Bit of a preface: I’m located in Manitoba, east of Winnipeg. We’re fairly limited in OTA channels, but historically those near Winnipeg have had the following over-the-air options:
6 – CBC
7 – CTV (CKY)
9 – Global (CKND)
12 – FOX (from Pembina, ND – very tough to get)
13 – CityTV (CHMI, previously A-Channel, previously MTN)
35 – JoyTV
There’s also a french channel on 3. Channel 35’s relatively new. Aside from FOX (12), you’ve generally been able to get the others without much difficulty in rural areas around Winnipeg.
Canada’s in the midst of the Digital Over-The-Air transition, and while Aug 2011 is the deadline, only Global has transitioned thus far (over 40.1 & 40.2 though the HD stream’s currently remapped to channel 9.1). If you live near Winnipeg, you might want to check it out – it’s pretty sweet. If you can grab FOX’s digital (channel 12.1), it’s worth a shot too.
Now I don’t watch much TV, but the goal was to pull in FOX. It’s a challenge, but challenges are usually pretty fun. For reference, we’re about 60 miles (90-100km) away from that transmitter.
Turns out, it can be a bit tough. I started out with an RCA CANT711 (from Walmart), which mounted outdoors about 25 feet in the air, using the built-in 10db amplifier, shockingly managed to pull in FOX’s digital station… sometimes. It’s one of those tiny antennas in a plastic tube, and surprisingly it beat out the massive standalone YAGI antennas I tried (a 14-foot and an 8-foot).
Of course, nothing’s more frustrating than a signal that only comes in some of the time. After a pile of research, I decided to give the Winegard HD8200U a try. It’s supposed to be similar to the 8200P, except that it’s in sections so that it can be shipped by standard delivery services (UPS/Purolator/FedEx/etc) rather than having to be shipped by truck.
I ordered it through xtek.ca, who shipped it via Purolator.
Here’s the box:
I left the sandals there (large mens) to give you an idea as to how big this box is. It managed to obtain a small hole during shipping, but didn’t sustain any damage inside.
Opening the box, you can see things are really packed in there:
It’s all loose in there – if you stand the box up and shake it around you’ll hear everything rattle around, but it’s a “tight fit” if that makes any sense.
One issue was that a loose bolt was in the box, with no nut (I’m assuming it fell out). I’ve read complaints about this elsewhere (it was something I actually expected). I’m actually surprised the screw didn’t make it’s way out too. I found a nut lying around which saved me a drive to the hardware store.
Incidentally, the loose screw (and missing nut) were the ones to connect the 2 booms together.
Note to Winegard: spend the nickel for a ziplock bag, put the nut/bolt in it, and staple it to the inside of the box. Alternately, thread it through one of the booms the way all the other nuts/bolts were done to keep things together.
Instructions are included, though they take some careful reading. Once you’ve pulled everything out, you’ll want to find a large area to work in while you assemble it. Above, you can see one of the elements that has to be moved into position.
You might notice a little circular plastic “nib” on the lower black plastic piece. I actually ripped these off, but it turns out that by default, 4 of the elements swing out to the “wrong side”, and these nibs (4 of them) are supposed to encourage you to swing them out all the way around to the “right way”. For clarification, in the above image, based on the orientation of the element, you might think you’d rotate CLOCKWISE, when in actuality you need to rotate this one COUNTERCLOCKWISE, which means bending the element up and over the others (hopefully without permanently bending anything).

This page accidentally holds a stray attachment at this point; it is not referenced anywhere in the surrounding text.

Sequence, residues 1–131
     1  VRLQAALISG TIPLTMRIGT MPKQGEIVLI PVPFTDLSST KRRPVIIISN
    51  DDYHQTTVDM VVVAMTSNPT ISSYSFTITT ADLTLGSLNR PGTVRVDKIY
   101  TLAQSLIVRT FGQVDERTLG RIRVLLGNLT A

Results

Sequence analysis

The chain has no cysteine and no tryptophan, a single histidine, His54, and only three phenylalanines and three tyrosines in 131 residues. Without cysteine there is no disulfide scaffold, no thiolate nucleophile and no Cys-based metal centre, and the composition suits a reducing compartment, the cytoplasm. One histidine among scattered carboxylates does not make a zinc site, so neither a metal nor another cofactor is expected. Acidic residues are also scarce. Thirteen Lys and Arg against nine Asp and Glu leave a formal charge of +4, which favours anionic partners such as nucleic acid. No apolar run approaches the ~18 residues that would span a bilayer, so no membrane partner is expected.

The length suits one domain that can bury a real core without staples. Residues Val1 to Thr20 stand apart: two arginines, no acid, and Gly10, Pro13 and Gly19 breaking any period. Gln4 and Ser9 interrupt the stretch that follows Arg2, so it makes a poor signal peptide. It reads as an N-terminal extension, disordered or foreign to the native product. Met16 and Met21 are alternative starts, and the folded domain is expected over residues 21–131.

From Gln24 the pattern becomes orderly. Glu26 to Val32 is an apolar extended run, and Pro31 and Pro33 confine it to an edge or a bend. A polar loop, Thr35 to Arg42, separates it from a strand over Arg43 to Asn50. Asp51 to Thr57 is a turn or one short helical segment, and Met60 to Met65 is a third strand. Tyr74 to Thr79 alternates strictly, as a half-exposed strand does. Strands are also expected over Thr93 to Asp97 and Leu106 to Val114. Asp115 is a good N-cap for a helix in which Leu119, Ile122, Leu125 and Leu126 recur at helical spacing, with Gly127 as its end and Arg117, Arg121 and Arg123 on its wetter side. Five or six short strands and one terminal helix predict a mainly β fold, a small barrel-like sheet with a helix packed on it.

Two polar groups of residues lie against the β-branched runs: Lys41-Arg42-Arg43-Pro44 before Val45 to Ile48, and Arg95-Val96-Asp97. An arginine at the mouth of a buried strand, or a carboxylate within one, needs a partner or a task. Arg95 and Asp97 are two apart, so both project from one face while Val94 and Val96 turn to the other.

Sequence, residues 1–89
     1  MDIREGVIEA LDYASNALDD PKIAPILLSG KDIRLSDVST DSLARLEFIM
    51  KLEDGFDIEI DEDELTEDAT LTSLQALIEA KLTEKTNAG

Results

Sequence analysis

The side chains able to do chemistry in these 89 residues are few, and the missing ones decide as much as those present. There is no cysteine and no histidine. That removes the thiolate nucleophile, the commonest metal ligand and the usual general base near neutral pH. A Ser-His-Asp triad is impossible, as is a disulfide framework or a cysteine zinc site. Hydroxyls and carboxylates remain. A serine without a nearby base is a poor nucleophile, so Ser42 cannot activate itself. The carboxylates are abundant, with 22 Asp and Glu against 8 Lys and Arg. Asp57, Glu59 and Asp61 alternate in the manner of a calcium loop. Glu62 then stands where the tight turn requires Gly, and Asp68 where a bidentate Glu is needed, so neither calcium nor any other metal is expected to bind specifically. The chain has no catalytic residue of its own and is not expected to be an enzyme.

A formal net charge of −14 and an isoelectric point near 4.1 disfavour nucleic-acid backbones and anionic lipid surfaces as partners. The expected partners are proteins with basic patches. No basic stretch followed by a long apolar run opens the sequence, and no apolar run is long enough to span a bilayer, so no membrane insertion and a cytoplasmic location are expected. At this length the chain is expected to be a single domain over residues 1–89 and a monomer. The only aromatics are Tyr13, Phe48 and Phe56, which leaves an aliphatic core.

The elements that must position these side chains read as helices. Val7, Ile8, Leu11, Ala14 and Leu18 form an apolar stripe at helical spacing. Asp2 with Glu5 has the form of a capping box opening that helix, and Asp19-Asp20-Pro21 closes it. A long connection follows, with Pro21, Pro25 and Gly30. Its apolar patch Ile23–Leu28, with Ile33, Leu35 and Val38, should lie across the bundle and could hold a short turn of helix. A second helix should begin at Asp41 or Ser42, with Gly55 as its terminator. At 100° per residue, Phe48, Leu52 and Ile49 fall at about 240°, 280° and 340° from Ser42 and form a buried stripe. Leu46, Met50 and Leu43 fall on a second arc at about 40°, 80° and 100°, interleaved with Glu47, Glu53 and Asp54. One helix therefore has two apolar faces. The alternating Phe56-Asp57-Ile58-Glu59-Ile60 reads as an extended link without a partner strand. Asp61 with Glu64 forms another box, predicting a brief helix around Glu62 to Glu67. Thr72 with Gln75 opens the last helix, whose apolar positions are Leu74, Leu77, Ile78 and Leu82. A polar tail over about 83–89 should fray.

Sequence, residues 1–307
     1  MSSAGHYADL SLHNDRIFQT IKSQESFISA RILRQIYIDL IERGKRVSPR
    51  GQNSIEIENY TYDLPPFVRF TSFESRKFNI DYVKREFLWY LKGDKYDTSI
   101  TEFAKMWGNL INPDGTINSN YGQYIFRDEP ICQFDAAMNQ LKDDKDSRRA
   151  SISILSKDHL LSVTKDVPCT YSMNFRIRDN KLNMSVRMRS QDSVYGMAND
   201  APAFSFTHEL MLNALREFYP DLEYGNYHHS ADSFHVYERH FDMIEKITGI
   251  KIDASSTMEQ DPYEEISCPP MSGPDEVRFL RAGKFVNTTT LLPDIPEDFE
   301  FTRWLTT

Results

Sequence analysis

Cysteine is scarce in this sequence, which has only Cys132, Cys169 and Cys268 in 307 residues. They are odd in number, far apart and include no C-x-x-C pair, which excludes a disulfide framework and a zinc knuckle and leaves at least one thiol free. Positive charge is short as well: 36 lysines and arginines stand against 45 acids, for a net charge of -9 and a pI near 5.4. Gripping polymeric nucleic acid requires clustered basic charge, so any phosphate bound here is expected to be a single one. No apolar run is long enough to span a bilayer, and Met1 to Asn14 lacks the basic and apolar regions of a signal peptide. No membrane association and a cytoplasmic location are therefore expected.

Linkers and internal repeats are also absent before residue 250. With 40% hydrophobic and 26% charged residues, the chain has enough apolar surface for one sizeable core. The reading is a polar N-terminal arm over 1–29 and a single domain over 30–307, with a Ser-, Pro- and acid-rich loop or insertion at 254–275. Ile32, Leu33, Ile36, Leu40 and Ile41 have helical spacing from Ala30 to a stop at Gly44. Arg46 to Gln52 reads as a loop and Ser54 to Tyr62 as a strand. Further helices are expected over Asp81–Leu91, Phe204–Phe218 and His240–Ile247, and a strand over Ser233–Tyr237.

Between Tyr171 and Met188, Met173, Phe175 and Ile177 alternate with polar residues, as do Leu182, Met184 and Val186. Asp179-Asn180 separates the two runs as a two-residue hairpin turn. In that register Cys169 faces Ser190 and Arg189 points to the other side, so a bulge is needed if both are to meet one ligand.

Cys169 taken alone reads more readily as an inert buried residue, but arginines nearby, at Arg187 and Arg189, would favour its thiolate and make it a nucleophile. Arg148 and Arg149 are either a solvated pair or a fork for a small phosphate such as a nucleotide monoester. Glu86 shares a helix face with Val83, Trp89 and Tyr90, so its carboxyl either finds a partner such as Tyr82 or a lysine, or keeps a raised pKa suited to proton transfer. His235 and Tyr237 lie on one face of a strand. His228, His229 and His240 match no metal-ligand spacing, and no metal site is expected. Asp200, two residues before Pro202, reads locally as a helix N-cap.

The instruction sheet that comes with the antenna shows the orientation. Essentially, you’re supposed to end up with a left-right-left-right-left-right pattern (same thing on the opposite side of the boom). Breaking off the nibs and orienting things where they slid easiest into place I had something like Left-right-left-right-right-right-left-right-left-left which was INCORRECT (and I had to change it afterwards).
I’m not sure why they didn’t just orient everything to be a little easier. Rotating the element over the boom isn’t fun, and despite the solid construction, I wasn’t pleased about forcing the element over the others + rivets.
The UHF elements were non-complicated, though the plastic mounts here felt a bit chitzy. I was careful to hold them while I rotated the metal elements into place. You’ll see 2 little holes in the metal (and 2 corresponding bumps in the plastic to lock them in once you’ve rotated). Unfortunately, the metal elements basically shaved off the tops of the plastic bumps (though they still held tight in place).
Above, you can see both main booms (VHF and UHF) with all the elements extended. This was right before connecting the 2 booms together.
NOTE that you have to flip the VHF boom at some point (since you have to do the elements on both sides). Be careful so that you don’t bend/break/put_any_stress_on any of the elements as you flip the thing. Might be handy to have a helper here.
Sliding them together took a bit of work. It’s possible for one person, but there are a few issues:
- It’s a very tight fit (which is good, mind you – nobody wants a wobbly antenna). You’ve gotta line up very carefully and wiggle them together. There’s 0 clearance.
- The booms are heavy, making it tough for 1 person to wiggle.
- The UHF “phasing lines” (the 2 wires you see) have to be worked into the black box and into the guides at the same time.
It took me about 3 minutes – I didn’t want to smash the phasing lines into the side of the box and bend everything up, so I had to go slowly. Really, if somebody else is around, have them spend a few seconds giving you a hand. One person can be the muscle, while the other guides the lines in – it’ll probably take 15-20 seconds that way.
Make sure the phasing lines aren’t touching the metal boom (now’s a good time). It’ll screw up your reception if they are. I had to bend the phasing lines a little bit because mine were touching the boom.
Note that there’s a single element (reflector actually) in the box. This is supposed to attach with the bolt that connects the booms together. I missed it and installed it later, so you won’t see it in the next few pics (it’s easy to install after-the-fact if you forget).
Above, you’ll see one of the corner reflectors being installed. They just slide between the metal plates and are locked in with a bolt/nut. The instructions are pretty clear that the clip tips have to point away from the boom. Basically, the 2 metal “tabs” that you see in the image holding the reflector element in place have to be positioned/oriented the way you see in the pic.